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Re: Astronomy C

Postby c0c05w311y » February 14th, 2019, 10:25 pm

Anybody have the image set for the carnegie mellon test?
Sure. https://drive.google.com/file/d/12qdcF8 ... sp=sharing
I'm pretty sure this is the right version.
Let me know if you have any questions or comments about the exam!

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Re: Astronomy C

Postby Zxcvbnm123 » February 16th, 2019, 7:11 pm

Does anyone know where I can find the 2019 Golden Gate Invitational test?

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Re: Astronomy C

Postby EastStroudsburg13 » February 19th, 2019, 9:33 am

Golden Gate Invitational tests will be released publicly on their website on March 9.
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Re: Astronomy C

Postby Alke » February 20th, 2019, 4:51 pm

Hi everyone!

I did astronomy two seasons ago but I'm back! I'm a little rusty and I am always running out of time. Thus, do you all have tips for time management/splitting up the work with your partner?

I'm trying to think through some strategies like having one person do math and the other do mulitple choice. However, I don't know how well that'll work!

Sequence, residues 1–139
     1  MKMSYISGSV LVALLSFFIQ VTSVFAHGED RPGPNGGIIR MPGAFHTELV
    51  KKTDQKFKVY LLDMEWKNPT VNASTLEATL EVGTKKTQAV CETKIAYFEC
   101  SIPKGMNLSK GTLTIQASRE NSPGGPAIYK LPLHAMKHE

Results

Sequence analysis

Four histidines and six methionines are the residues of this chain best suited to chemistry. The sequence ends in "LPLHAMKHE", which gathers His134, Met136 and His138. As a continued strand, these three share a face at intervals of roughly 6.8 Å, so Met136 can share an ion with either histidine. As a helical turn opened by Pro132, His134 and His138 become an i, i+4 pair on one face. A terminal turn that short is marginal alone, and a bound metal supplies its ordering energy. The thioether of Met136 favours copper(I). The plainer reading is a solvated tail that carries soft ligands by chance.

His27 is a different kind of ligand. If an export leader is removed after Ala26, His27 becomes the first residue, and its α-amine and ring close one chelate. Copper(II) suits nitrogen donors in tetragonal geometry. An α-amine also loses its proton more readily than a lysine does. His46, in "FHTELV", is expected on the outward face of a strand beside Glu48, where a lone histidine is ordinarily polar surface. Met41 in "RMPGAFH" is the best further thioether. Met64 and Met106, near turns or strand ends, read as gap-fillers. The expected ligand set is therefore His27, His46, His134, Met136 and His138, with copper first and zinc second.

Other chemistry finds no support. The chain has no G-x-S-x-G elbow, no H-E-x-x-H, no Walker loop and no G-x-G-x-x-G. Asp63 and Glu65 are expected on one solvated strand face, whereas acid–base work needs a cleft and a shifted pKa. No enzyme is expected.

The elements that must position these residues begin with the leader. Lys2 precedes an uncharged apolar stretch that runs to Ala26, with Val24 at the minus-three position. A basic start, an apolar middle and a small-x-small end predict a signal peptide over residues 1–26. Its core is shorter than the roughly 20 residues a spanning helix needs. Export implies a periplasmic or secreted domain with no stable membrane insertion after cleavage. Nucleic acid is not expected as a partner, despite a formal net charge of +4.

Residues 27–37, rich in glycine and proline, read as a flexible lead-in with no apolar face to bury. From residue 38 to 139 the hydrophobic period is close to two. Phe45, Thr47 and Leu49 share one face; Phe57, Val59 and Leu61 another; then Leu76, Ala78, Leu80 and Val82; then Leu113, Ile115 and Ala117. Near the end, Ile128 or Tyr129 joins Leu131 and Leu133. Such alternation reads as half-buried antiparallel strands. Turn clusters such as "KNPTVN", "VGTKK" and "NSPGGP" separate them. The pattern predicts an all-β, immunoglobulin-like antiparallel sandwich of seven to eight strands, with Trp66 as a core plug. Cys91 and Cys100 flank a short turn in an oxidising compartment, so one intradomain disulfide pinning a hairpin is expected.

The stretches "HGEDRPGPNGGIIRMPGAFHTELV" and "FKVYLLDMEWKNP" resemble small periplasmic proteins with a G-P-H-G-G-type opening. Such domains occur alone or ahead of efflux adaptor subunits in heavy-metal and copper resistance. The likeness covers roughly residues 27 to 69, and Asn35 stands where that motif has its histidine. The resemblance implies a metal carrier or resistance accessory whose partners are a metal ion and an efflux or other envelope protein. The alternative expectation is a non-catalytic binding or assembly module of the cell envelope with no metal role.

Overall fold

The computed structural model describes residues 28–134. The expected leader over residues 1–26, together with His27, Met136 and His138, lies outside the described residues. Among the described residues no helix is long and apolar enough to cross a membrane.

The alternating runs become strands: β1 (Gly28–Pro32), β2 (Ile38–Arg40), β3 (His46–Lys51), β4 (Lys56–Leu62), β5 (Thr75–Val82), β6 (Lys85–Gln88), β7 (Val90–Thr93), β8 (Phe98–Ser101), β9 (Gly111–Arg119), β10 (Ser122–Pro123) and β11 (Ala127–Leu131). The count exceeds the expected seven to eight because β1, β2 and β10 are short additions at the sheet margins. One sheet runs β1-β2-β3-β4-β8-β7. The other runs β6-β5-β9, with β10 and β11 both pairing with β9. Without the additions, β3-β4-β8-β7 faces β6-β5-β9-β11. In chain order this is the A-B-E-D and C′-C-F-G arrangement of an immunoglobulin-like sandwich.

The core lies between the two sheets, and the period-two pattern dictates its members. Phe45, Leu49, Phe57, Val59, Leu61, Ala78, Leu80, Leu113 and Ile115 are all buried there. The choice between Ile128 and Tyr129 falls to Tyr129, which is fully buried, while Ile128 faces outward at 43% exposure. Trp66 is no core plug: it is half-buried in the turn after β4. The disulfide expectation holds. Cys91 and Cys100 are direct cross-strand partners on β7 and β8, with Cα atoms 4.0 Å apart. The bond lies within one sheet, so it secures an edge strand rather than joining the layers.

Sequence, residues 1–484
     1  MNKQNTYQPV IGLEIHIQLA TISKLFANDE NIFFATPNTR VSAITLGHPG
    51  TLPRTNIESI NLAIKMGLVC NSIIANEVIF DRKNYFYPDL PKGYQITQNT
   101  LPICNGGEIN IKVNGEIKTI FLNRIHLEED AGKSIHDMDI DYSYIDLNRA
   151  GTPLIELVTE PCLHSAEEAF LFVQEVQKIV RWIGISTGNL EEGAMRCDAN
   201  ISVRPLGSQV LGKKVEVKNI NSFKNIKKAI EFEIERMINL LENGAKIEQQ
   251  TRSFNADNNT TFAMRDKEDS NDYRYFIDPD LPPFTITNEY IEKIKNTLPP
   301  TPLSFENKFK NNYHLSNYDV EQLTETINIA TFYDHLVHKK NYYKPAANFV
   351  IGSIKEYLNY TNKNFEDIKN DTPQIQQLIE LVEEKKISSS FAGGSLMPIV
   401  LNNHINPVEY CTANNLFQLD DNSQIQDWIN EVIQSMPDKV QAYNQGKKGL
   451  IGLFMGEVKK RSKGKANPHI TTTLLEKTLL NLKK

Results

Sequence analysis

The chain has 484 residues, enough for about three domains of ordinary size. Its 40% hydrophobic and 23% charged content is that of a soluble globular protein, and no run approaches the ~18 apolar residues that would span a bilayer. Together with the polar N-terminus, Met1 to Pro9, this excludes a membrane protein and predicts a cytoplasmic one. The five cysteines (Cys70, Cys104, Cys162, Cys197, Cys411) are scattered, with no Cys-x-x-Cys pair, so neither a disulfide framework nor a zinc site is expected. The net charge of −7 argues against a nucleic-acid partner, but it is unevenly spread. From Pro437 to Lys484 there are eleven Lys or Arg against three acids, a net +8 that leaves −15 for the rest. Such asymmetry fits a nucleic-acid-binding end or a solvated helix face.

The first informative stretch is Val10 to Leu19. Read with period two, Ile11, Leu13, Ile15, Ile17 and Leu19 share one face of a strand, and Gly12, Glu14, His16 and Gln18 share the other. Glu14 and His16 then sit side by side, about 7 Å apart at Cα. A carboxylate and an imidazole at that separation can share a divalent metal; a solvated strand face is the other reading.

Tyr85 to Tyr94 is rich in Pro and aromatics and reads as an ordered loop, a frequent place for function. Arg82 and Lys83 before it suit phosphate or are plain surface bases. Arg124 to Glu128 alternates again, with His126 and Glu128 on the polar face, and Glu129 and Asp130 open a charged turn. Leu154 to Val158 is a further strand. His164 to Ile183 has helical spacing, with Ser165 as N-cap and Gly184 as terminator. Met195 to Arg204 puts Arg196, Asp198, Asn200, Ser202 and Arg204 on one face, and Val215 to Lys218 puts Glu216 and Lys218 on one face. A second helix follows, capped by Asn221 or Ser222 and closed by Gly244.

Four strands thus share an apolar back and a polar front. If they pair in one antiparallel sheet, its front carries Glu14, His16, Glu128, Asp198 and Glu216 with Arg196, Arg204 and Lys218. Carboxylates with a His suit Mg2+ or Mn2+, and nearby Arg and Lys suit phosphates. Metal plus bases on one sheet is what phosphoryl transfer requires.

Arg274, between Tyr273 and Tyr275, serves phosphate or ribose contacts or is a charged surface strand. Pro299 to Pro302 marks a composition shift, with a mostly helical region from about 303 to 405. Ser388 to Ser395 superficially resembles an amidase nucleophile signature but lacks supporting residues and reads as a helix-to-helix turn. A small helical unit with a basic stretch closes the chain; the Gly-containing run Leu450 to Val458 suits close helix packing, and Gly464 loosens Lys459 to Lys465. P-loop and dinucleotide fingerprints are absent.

-Thanks

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Re: Astronomy C

Postby Name » February 20th, 2019, 5:27 pm

Hi everyone!

I did astronomy two seasons ago but I'm back! I'm a little rusty and I am always running out of time. Thus, do you all have tips for time management/splitting up the work with your partner?

I'm trying to think through some strategies like having one person do math and the other do mulitple choice. However, I don't know how well that'll work!

-Thanks
I'd suggest splitting the test. I usually take the DSOs (or everything besides math), while my partner takes all the math (even though math is my favorite part of astro :cry: ). We're usually capable of finishing the test without too much of a problem. Near the end we usually look into the other person's section to help potentially solve questions that the other person didn't get/check over a bit, so i'd still recommend being knowledgable in your partner's section. Figure out which sections you and your partner would rather do, and then split the test accordingly.